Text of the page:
Cutler: Early votes fostered election loss

Elliot Cutler and his wife Melanie chuckle as they watch national campaign returns in their hotel room at the Eastland Hotel in Portland on Tuesday. With Cutler is his daughter Abby and longtime friend Alice Spencer.
Elliot Cutler and his wife Melanie chuckle as they watch national campaign returns in their hotel room at the Eastland Hotel in Portland on Tuesday. With Cutler is his daughter Abby and longtime friend Alice Spencer.
Posted Nov. 04, 2010, at 9:59 p.m.

Is increase in absentee voting altering the political process?

AUGUSTA,  Maine — As polls opened Tuesday morning, the big question hanging over Maine’s race for governor was whether independent Eliot Cutler’s late-October surge began early enough to catapult him past Republican and perennial front-runner Paul LePage.

By Wednesday morning, voters had answered the question of who would occupy the Blaine House. As for his surge, Cutler said the problem wasn’t that it began too late. Instead, he said, voting began too early thanks to the growing popularity in Maine of absentee ballots.

“I think that when you start the election at a very early date, first of all, it deprives people … of the time they need to make up their minds or change their minds,” Cutler said after his concession speech inside his Portland headquarters.

In a textbook example of the fluidity of modern elections, Cutler caught up to and nearly stole the Blaine House from Republican Gov.-elect Paul LePage thanks to a wave of last-minute defections from Democrat Libby Mitchell’s campaign.

According to unofficial election results, Cutler fell 10,000 votes short of LePage out of more than 565,000 votes cast.

More than 130,000 of those were cast by absentee ballot, which are available to any registered voter who wishes to vote early for any reason.

At least 50,000 of those absentee ballots came from registered Democrats — some of whom Cutler believes voted for Mitchell but might have switched to him on Election Day after assessing who had a better chance of defeating LePage, the most conservative candidate.

Although it’s impossible to say whether Mainers’ increasing appetite for early voting may have cost Cutler the election, several political observers agreed that the independent received fewer votes as a result.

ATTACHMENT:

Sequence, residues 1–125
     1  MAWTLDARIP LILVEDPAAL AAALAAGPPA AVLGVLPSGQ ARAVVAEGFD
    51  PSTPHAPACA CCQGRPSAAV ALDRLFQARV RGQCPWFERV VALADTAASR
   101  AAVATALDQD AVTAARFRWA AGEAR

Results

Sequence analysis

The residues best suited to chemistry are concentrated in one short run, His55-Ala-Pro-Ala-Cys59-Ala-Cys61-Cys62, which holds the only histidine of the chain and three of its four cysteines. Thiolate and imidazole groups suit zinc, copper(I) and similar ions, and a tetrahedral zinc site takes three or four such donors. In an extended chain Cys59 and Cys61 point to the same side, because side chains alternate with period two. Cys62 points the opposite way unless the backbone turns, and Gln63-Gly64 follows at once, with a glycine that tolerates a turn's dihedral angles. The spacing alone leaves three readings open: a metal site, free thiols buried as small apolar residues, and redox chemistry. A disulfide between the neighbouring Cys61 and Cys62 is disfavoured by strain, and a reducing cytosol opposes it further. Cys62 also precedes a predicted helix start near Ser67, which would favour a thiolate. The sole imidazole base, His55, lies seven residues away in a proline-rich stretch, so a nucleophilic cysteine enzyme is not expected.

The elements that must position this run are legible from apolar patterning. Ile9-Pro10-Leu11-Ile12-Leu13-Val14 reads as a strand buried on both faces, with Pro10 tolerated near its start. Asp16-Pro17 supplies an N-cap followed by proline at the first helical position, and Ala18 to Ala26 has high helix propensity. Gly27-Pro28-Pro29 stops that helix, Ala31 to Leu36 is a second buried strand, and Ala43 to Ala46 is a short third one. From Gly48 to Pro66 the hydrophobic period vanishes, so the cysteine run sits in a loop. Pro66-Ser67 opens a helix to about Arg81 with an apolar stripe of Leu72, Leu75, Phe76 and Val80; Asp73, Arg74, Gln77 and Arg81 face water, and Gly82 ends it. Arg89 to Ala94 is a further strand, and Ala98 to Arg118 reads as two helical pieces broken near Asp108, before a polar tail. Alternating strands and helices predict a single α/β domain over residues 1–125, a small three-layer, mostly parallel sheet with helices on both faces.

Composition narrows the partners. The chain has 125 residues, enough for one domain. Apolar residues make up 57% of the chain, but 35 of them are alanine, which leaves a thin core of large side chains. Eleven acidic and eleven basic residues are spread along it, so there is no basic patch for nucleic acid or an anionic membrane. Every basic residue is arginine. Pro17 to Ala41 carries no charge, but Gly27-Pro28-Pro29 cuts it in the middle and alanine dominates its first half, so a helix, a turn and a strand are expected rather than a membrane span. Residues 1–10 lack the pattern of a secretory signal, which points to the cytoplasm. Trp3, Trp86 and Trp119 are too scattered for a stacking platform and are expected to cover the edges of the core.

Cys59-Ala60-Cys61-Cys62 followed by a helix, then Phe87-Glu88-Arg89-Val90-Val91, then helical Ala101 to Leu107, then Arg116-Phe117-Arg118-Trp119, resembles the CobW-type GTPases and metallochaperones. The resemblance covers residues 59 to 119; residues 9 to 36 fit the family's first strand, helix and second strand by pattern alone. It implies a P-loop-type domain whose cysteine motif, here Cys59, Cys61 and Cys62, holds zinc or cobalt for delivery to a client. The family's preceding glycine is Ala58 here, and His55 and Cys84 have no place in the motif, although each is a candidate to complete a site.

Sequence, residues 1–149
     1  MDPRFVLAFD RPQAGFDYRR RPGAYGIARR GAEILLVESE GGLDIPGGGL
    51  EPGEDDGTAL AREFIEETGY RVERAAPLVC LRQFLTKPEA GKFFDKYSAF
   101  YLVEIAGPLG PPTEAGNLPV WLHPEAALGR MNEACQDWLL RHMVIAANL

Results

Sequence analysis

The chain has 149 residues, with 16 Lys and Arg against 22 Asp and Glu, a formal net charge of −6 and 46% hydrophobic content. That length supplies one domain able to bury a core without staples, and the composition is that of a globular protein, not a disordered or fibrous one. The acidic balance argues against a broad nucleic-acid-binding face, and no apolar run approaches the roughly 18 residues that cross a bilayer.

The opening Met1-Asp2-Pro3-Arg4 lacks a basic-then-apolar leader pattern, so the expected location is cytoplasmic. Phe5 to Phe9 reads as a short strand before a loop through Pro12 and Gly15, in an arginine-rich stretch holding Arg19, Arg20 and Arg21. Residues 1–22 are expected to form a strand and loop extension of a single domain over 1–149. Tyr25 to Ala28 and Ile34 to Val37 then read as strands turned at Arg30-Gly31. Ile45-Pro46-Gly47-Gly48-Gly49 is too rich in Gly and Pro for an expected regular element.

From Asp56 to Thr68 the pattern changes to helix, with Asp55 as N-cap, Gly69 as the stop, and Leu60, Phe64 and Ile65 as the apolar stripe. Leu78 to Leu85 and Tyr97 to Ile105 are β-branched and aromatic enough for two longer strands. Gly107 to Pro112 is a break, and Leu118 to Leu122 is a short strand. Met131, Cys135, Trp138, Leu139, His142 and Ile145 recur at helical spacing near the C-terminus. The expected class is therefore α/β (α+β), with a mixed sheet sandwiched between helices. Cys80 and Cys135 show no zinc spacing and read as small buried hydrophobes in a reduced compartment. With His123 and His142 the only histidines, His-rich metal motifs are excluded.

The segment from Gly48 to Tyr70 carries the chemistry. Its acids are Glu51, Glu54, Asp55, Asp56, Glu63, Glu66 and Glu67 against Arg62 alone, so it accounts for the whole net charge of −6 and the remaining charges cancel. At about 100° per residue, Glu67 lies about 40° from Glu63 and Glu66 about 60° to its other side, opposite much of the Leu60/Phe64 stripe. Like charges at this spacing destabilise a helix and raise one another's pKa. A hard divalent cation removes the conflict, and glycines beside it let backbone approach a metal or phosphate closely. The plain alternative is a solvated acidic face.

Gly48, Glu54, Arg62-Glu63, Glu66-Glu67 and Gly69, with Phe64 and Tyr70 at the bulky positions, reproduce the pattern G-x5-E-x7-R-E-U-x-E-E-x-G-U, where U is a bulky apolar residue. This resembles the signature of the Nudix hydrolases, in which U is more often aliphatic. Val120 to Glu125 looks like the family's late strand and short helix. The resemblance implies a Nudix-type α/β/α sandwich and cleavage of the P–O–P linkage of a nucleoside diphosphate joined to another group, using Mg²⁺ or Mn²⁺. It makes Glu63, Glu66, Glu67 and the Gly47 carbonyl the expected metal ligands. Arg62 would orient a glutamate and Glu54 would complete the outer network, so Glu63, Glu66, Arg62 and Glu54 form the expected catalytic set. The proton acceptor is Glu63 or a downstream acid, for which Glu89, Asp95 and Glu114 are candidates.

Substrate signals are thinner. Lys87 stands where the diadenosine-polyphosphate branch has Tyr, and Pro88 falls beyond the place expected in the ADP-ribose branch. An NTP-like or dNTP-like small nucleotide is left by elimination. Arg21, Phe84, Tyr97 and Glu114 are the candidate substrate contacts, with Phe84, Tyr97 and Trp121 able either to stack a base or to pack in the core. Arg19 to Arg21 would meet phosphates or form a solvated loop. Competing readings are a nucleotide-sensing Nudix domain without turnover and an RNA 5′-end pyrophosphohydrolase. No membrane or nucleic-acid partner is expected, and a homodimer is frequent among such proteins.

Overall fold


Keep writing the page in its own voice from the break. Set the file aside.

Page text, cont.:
“I believe it ended up hurting him,” said Jim Melcher, a political scientist at the University of Maine at Farmington. “I definitely think that is true.”

“It probably did have an impact,” added Amy Fried, a political scientist at the University of Maine’s Orono campus. “It does seem that a lot of Democrats moved to Cutler at the end as a means of strategic voting.”

There is no question that Cutler was riding a surge of support heading into Tuesday’s election. The Cape Elizabeth lawyer had spent months mired well behind LePage and Mitchell in third place until mid-October.

By the end of October, Cutler had picked up the endorsements of most of Maine’s major newspapers as well as former Gov. Angus King, one of two independents to occupy the Blaine House.

Proof of the apparent fence hopping came Tuesday when Mitchell — a former House speaker and Senate president who handily won her party’s nomination — received just 19 percent of the vote in a state where one-third of registered voters are Democrats.

“If there is a surge, people who vote early can’t participate in that surge,” said Sandy Maisel, a veteran political watcher at Colby College.

Sensing a possible problem, the Cutler campaign sent out an e-mail Monday morning titled “URGENT! You can take back your absentee ballot.” The e-mail blast, which the campaign said it sent after consulting with the Secretary of State’s office, included a link to a form for requesting a do-over from local municipal clerks.